The Reagan Speech Preservation Society

James Madison

Modified: Sunday, 19 October 2014 19:01 by admin - Categorized as: Founders, Politicians
Madison played a very large role in the drafting of the United States Constitution. His notes, taken during the proceedings, are a primary source of the debate, sometimes heated, over the strength of the future federal government. He felt so strongly about the Constitution that, along with Alexander Hamilton and John Jay, published letters in its favor in newspapers under the name Publius. These letters were later compiled into what is known as The Federalist Papers. Madison was also the fourth President of the United States. During his time as President, the United States fought and won the War of 1812.


Speech Relevance

The struggle of those who believe that a few have the right to rule the many as against those who believe in individual liberty. James Madison speaking before the Virginia convention in 1788 said, "Since the general civilization of mankind, I believe there are more instances of the abridgement of the freedom of the people by gradual and silent encroachment of those in power, than by violent and sudden usurpation."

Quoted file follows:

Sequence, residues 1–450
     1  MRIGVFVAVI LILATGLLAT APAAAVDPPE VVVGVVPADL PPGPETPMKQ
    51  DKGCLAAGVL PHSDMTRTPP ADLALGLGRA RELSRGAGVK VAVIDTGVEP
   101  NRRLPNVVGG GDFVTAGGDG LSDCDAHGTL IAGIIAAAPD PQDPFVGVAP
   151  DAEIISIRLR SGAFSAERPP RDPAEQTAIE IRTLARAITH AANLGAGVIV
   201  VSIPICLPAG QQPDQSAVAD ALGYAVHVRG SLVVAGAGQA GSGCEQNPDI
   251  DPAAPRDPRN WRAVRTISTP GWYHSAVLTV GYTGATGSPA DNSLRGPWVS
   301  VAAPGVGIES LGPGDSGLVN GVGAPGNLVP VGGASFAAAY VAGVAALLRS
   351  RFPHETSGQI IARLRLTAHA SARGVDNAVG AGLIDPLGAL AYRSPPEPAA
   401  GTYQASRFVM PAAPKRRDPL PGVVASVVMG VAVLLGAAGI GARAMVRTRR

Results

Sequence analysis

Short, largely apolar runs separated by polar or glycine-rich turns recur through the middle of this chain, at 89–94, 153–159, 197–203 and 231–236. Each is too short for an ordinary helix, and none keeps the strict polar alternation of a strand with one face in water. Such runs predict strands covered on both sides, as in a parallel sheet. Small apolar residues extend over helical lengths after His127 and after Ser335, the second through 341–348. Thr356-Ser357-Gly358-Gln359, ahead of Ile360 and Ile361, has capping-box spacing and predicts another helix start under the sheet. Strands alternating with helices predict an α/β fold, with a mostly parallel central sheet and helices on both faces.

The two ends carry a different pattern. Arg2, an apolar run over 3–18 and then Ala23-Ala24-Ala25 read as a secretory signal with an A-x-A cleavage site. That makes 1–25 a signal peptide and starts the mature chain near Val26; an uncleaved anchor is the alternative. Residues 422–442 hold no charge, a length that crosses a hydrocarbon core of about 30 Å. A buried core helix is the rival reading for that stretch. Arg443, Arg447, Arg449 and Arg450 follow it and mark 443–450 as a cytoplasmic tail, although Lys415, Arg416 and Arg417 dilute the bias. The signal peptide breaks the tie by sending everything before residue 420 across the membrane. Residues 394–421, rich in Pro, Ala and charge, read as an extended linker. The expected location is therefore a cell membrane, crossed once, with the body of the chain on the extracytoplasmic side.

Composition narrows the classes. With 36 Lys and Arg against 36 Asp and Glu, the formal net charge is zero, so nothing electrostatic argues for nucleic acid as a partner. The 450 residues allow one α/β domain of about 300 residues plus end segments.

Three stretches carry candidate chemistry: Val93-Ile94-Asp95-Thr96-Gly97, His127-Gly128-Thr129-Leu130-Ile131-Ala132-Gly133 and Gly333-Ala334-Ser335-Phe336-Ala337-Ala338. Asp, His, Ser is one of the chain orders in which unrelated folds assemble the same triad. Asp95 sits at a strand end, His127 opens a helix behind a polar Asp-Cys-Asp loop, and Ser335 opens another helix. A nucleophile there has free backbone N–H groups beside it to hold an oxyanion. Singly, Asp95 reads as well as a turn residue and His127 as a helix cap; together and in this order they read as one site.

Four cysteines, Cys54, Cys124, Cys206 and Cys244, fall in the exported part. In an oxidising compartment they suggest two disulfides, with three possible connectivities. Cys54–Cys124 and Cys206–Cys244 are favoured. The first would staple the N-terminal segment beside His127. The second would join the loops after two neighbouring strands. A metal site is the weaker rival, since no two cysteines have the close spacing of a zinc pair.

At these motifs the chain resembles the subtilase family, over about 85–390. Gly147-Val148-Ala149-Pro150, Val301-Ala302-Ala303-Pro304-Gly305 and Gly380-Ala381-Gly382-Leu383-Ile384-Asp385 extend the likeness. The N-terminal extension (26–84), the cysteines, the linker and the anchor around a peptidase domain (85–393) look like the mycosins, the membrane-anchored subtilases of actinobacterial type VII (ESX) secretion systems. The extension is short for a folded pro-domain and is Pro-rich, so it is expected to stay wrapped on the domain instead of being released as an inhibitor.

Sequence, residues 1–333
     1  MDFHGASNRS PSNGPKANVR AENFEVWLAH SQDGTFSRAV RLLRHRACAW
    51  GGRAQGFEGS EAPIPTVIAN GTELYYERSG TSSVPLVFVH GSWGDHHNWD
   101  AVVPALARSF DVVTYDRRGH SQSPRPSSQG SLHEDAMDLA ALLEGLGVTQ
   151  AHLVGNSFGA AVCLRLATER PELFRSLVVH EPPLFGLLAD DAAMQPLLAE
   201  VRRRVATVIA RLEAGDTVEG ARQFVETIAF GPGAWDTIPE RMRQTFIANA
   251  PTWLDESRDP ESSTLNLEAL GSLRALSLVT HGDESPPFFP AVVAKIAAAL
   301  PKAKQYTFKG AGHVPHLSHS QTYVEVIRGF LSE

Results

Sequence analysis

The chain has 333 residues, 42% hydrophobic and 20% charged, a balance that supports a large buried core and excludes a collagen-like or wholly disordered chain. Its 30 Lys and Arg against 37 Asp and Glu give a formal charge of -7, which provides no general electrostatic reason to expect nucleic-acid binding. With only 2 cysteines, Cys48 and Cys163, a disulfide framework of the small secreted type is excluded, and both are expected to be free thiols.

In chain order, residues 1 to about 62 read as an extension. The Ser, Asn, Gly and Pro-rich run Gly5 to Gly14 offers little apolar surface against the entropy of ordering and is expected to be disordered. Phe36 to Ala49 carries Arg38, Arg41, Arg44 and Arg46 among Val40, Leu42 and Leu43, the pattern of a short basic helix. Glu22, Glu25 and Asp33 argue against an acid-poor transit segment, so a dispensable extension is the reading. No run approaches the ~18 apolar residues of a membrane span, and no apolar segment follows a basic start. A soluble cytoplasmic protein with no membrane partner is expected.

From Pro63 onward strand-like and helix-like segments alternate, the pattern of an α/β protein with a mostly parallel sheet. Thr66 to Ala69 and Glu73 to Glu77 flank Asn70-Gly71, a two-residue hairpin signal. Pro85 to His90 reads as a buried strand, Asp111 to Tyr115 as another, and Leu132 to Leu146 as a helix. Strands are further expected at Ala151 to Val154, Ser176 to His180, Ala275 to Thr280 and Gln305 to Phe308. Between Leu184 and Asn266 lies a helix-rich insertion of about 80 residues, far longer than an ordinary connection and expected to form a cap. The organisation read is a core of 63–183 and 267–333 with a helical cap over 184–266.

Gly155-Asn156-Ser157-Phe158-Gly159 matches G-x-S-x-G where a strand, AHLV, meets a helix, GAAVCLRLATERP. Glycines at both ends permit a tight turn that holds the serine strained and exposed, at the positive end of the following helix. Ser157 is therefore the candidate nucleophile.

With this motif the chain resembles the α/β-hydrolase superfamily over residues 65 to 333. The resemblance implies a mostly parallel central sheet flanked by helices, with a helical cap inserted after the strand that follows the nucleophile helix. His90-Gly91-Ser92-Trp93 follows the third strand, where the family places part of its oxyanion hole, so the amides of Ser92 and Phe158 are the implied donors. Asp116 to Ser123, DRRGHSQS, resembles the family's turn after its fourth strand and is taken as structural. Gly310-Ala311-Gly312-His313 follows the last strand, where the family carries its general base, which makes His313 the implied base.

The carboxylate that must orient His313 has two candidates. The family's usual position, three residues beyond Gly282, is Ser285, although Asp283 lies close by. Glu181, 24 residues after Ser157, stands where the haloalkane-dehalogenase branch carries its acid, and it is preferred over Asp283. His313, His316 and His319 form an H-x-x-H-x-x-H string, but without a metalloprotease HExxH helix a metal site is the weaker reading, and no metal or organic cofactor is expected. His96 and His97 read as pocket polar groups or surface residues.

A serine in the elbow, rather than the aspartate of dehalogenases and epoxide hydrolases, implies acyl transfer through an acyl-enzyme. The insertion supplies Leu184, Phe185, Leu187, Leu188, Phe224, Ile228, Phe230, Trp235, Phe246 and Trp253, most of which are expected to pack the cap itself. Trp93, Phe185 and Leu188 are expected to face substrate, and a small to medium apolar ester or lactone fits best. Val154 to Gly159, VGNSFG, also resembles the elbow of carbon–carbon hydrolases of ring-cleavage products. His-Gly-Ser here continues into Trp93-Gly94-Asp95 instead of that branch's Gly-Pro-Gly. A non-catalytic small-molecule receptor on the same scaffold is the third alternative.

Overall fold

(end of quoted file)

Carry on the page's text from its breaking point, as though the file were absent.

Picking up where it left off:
Madison did, indeed, make this claim in a speech to the Virginia Ratifying Convention on June 16, 1788. He went on to say:
On a candid examination of history we shall find that turbulence, violence, and abuse of power by the majority trampling on the rights of the minority, have produced factions and commotions, which in republics, have more frequently than any other cause produced despotism. If we go over the whole history of the ancient and modern republics, we shall find their destruction to have generally resulted from those causes.


Source Links

James Madison (Wikipedia)

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